"It’s hard to make the decision to spend money on something that’s still working but could give out,” says Stone. “It’s a game of risk."
Stone and Paul Harte, a manager at a San Diego–based water-damage restoration company, recommend these steps:
Every appliance that uses water — the most common are dishwashers and washing machines — needs a supply line to bring water in and one to take it back out. After repeated use, those pipes or hoses and their connections can develop small fractures and holes, says Harte, a 30-year industry veteran.
"Eventually they will give out," he says. "And everything happens when you’re not home. The hose breaks; then the next thing your house is flooded."
An overcautious plumber may have contributed to the Daytons’ disaster. They asked a different plumber to diagnose what went wrong. He told them the connector between the plastic braided water intake hose and the toilet was likely screwed on too tightly during their bathroom remodel 16 years earlier, putting strain on the plastic, weakening it and eventually causing it to burst.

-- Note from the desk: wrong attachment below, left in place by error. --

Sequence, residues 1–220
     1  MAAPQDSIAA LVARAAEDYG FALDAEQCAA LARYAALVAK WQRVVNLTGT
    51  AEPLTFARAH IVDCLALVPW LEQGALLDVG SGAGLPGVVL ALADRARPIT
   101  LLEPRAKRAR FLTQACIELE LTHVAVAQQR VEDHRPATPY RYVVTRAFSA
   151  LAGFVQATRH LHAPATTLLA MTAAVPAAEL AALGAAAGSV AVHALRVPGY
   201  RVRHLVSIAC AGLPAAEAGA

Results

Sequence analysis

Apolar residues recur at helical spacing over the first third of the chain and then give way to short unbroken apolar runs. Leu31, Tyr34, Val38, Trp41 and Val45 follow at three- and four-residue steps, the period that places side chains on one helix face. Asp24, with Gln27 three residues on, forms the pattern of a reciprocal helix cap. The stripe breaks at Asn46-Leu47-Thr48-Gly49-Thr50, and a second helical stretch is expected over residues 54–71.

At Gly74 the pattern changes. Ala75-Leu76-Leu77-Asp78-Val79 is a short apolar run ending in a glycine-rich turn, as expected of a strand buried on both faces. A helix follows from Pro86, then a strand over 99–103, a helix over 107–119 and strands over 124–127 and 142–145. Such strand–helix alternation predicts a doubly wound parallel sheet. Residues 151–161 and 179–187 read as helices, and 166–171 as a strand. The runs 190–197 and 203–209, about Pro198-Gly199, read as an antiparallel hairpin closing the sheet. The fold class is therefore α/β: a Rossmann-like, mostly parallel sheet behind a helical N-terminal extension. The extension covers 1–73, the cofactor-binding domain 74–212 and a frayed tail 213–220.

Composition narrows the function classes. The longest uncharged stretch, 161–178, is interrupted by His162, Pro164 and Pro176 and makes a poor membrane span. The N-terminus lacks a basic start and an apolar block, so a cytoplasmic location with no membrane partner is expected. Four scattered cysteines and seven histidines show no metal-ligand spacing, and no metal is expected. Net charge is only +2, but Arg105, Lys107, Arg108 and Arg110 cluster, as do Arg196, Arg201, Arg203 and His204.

"Nobody tells you these little bits and pieces of plumbing need to be replaced."— David Dayton, homeowner
Simple preventive measures can address aging or faulty pipes, hoses and connectors.
While water still dripped from the beams of their home, the Daytons kicked into high gear.
For eight days, eight workers ripped up carpet, tore down drywall, cut inch-and-a-half-diameter holes in the walls just above the floorboards and placed high-powered fans in every room to increase airflow. They turned furniture on its side or, if it was too wet to be saved, tossed it. The Daytons worked alongside them.
"I feel like my time has been stolen, as well as all of my possessions."— David Dayton, homeowner
The workers moved virtually everything of value that hadn’t been destroyed — except for the family piano — into storage. The family moved into a hotel and then an apartment.
Stress levels ran high. "You start to question everything," David says. "Why did they take my cane? The stepstool? My wife handled that better than I did."
Months later, the family is still reeling. David worries that their house has been permanently damaged, that its structural integrity has been compromised and that if they ever go to sell, this water damage will come back to haunt them.
"I feel like my time has been stolen, as well as all of my possessions," David says, "I can never expect to get all of those books back. I just hope I’m able to forget my anger."